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When running a business in fast paced markets you cannot afford long idle sectors. Sectors where a response to a question are held up by waiting times. A central element of lean sales is to eliminate sectors without value add and long waiting times.
Two different ways of dealing with travel expenses
Without a personal admin you have two options for how to deal with your travel expenses. A resource efficient way is to pile them up until you have a critical mass, and then do many at a time. A flow efficient way is to deal with the one at a time immediately after a business trip.
In the resource efficient way you focus on minimizing the time it take to do the actual work. But time between when the expenses occur and paid bills are longer and varies between expense reports. Even though you have minimized the time to do the work, it might drive negative side effects for a bigger issue. You need to get paid in time to settle expenses in time. The total handling time in this case could be several weeks.
In the flow efficient way you focus on minimizing total processing time. By handling all issues related to the expense report immediately you eliminate the time your receipts idle. And the total handling time is down to hours.
The value of eliminating idle sectors in sales
Customers are more and more demanding and expect faster and faster responses. With a higher degree of uncertainties in their own business they will ask vendors more questions and does it later. In addition to increasing volumes and later submissions you can expect the issues to be more complex. Complex questions with contributions from different stakeholders drive hand-over points. Each hand over point between silos in your organization represents a potential idle sector. Idles sectors have a negative impact on the buying experience. Clients can perceive you as slow, irresponsive or even lacking knowledge.
To deliver a 21st century buying experience you can come far by attacking your idle sectors. By eliminating the idle sectors you can kill three birds with one stone. You can handle large volumes of requests. You can handle more complex issues and you can address them with faster turn-around times. You can argue it is possible to handle higher requests volumes with a resource efficiency centric approach. But in reality the variation between requests is also greater. This make a flow efficient approach your safest bet.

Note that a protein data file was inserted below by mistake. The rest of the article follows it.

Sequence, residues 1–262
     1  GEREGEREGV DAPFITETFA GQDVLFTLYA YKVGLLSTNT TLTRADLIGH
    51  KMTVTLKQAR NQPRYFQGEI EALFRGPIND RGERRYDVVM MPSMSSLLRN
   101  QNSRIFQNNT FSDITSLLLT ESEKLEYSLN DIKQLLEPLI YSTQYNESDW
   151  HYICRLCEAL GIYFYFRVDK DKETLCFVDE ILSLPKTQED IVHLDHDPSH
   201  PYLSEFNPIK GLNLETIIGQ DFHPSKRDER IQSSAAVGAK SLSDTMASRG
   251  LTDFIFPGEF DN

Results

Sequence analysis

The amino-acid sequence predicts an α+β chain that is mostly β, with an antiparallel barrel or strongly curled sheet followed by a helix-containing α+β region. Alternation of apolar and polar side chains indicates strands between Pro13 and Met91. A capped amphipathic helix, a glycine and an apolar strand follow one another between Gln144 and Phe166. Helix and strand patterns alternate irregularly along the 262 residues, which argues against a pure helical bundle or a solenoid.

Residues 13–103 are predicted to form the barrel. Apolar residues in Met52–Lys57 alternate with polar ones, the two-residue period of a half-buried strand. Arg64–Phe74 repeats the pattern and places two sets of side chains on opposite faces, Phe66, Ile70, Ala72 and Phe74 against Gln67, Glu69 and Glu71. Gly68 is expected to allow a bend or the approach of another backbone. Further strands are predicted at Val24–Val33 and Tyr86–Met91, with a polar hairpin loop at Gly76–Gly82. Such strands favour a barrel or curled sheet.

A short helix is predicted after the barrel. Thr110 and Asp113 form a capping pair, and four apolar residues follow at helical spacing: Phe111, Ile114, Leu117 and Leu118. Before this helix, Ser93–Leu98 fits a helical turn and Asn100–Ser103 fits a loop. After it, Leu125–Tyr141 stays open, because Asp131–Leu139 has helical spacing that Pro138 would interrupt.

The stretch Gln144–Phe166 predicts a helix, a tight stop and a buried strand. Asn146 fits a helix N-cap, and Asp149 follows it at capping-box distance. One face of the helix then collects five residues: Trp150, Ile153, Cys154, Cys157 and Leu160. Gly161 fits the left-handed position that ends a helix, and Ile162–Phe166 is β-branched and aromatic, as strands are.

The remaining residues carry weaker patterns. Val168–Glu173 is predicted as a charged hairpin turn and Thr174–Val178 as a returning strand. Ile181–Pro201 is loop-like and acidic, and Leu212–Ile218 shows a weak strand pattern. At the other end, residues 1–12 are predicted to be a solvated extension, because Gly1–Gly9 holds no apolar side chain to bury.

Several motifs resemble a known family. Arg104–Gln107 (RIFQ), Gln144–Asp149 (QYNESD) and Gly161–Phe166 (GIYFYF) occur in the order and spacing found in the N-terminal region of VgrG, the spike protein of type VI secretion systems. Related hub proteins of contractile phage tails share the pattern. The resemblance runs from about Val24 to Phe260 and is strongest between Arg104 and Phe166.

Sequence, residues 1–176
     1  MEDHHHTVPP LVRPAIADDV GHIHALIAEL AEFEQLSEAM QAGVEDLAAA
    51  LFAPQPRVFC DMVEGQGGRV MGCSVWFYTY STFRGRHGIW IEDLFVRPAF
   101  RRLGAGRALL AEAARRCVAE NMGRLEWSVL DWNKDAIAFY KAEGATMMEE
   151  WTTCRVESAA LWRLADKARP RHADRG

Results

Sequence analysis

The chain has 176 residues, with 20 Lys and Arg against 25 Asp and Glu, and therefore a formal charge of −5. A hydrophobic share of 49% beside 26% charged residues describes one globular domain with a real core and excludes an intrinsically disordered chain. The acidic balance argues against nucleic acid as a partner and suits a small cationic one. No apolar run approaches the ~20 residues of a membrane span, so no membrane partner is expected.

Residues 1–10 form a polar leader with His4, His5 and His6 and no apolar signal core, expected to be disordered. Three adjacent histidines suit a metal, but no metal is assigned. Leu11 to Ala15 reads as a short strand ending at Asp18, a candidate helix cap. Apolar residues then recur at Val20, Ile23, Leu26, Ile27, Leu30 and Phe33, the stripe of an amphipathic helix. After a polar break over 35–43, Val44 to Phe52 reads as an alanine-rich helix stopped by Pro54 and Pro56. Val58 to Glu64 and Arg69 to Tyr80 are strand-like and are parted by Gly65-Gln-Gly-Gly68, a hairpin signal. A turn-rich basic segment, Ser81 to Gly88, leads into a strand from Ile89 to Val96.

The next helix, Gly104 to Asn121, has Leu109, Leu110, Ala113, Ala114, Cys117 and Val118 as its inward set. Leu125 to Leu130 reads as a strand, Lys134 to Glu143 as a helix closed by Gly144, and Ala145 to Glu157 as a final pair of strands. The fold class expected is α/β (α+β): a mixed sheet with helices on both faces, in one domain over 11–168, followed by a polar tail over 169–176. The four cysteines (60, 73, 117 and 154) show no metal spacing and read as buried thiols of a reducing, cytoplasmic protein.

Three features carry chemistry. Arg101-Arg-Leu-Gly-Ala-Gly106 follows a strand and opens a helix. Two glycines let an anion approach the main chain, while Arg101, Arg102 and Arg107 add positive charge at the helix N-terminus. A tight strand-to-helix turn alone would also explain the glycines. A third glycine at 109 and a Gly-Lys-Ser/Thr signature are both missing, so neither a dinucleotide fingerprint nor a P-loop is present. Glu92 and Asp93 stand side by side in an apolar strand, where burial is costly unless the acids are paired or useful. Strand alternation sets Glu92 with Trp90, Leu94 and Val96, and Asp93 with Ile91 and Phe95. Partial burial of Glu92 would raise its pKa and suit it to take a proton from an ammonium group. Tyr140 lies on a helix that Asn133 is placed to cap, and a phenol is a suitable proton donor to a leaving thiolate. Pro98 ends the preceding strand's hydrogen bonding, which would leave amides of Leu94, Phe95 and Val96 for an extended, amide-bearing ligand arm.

Identify your major idle sectors
Advancing complex B2B opportunities requires a tighter co-operation between all contributing stakeholders. As you already run your sales activities efficiently you need to find the idle sectors in your team. Areas in your flows where information sit without immediate actions. You might have a critical competency that is driving idle sectors. You might have a growing number of contributing stake holders with unclear hand over points and criteria. You might operate with a mix of on/near-off-shoring driving location and time-zone related idling.
A good starting point is to look at both the demand and the supply side. A demand shift driven by how customers request information and what. A supply shift defined by where you have your major idle sectors. As a sales leader you want to focus on finding the major aspects of the demand and supply issues. Start by addressing the low hanging fruits for longer idle sectors with larger impacts first.
Questions for you and your team
1. How are changing information demands affecting your sales activities – look for changes in volume, timing and complexity in client requests.
2. What are the major idle sectors in your current operations – look for the largest ones with the biggest impacts.
3. What is causing the idle sectors in current flows – Think broad to find the best solutions.
4. How can we reduce the largest idle sectors – leverage your strongest process innovators for this stage of the development.
5. Which feasible targets can we set up for reducing these idle sectors – aim for quick wins.
6. Which incremental improvements are needed to sell in the digital domain – plan from the start which sales activities you envision as going digital soon.
- The next 3 challenges for lean management [BLOGPOST] – by Dan Jones, Planet Lean
- 4 ways to identify and correct the bottleneck effect in sales [BLOGPOST] – by Lauren Licata, Baseline
- Are bottlenecks clogging your sales [BLOGPOST] – by Michael Fortin, Workoholics for Hire
- Responding to leads within an hour generates 7X the conversations – [BLOGPOST] – by Meghan Keaney Anderson, Hub Blogspot
- Lean line balancing in the IT sector [BLOGPOST] – by Rupesh Locan, Six Sigma